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The Honolulu Advertiser
Posted on: Friday, March 29, 2002

CarePlus critical for Hawai'i

By Greg Marchildon

Greg Marchildon is AARP Hawai'i state director.

As we move further into the new millennium, long-term care will become the most pressing social policy issue for our nation and our state. We simply have not done enough to address this critical issue, and if we don't step up to the plate and begin to confront the realities of an aging nation and state, we're going to be headed for a monstrous train wreck.

Hawai'i has some real advantages compared to many other states regarding long-term care. We have grappled with this issue for a long time. Our state has displayed the courage to have an active and vigorous debate about the role of government and individuals as it pertains to how we will care for people who need long-term care.

AARP Hawai'i believes it is time to stop debating this issue and take a step forward in solving this complicated problem. Much has been made of the CarePlus proposal now working its way through the Legislature. Unfortunately, CarePlus, and by extension, long-term care, has been made into the political football of this year's session.

This is not only unfortunate, but extremely regrettable because this issue deserves a much higher level of discussion. In reality, this issue is about real people who deserve much more than the attacks and misinformation that continue to be spread around about long-term care.

According to the 2000 Census, Hawai'i has the highest life expectancy of any state in the nation. Hawai'i has the highest number of baby boomers per capita of any state in the nation.

The 2002 Census data should be sounding alarms in the minds of our policymakers. People in Hawai'i are getting older and living longer, which means we are moving closer to a time where many of our family and friends will need some form of long-term-care services.

Much of the debate and coverage about the CarePlus proposal has neglected to show what we believe is the proposal's strongest and most important element — consumer empowerment and choice. In a recent AARP survey of our members in Hawai'i, nine out of 10 of our members told us they want to live in their own homes and communities for as long as possible. CarePlus would be a first step in helping our members reach this goal.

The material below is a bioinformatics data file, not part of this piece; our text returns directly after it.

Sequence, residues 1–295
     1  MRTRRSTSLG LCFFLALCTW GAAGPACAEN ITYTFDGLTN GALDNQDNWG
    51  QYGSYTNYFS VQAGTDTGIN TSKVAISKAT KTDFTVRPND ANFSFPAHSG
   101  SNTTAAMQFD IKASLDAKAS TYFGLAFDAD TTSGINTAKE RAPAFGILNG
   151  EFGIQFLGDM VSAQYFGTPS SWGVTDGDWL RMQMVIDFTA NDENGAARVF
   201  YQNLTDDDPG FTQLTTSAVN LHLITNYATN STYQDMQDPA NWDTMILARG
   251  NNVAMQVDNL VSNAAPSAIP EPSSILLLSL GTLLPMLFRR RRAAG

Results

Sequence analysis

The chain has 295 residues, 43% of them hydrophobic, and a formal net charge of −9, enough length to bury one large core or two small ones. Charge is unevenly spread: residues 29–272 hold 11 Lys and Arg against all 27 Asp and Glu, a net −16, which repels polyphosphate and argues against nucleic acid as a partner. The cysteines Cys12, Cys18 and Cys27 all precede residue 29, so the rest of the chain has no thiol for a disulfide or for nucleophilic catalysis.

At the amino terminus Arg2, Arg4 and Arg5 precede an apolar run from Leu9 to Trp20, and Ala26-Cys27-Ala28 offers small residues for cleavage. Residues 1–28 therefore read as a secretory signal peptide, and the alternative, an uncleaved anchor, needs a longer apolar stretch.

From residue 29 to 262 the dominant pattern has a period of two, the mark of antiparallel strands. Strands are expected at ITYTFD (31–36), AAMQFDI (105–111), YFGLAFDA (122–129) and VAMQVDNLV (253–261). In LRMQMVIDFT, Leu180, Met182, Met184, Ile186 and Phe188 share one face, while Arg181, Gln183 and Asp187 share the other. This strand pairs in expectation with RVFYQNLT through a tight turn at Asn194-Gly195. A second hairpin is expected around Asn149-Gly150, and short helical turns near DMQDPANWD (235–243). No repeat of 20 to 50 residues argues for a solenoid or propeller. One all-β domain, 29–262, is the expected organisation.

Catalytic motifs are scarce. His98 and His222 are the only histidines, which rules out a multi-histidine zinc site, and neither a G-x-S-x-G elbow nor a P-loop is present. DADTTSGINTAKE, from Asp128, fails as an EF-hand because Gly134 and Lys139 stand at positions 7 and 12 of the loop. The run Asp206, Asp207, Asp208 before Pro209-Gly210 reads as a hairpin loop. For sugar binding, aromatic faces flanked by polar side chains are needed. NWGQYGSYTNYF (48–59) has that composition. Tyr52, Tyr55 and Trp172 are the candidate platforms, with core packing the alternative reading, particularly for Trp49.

It is essential that any movement to reform long-term care include strong provisions for individuals and families to determine how to spend resources that will meet their unique needs. It is critical to ensure that choices surrounding long-term care are driven by individual and family needs and preferences.

We need to make sure that these choices, be they assisted living, in-home care or other community-based services, are widely available and of the highest quality. CarePlus takes a big step forward to address consumer choice in the long-term-care marketplace.

We need to act now because an aging boomer generation will overwhelm our state's patchwork long-term-care system and leave tens of thousands of our family and friends unprepared for the heavy financial and emotional burden of caring for someone who needs long-term care.

Here in Hawai'i, we have a history of applying an 'ohana model when dealing with difficult issues. Over the years, Hawai'i has developed a national reputation for putting into place a strong government/community fabric that provides a meaningful safety net for our keiki and kupuna. The Prepaid Health Care Act of 1974, the A+ Program, Kupuna Care and the state's long-term-care ombudsman program are a part of Hawai'i's nationally recognized efforts to care for its citizens.

Let's not tarnish this much-deserved reputation by politicizing the long-term-care issue for partisan purposes and hackneyed sound bites.

CarePlus is not going to solve Hawai'i's looming long-term-care crisis. In fact, it's not going to even come close. What it will do is put us on the road from discussion to action. CarePlus could provide the first level of financial support to kokua our family and friends struggling to pay for long-term care. CarePlus — with its consumer choice focus — will make a real difference for real people who want to grow old and wish to age-in-place at home.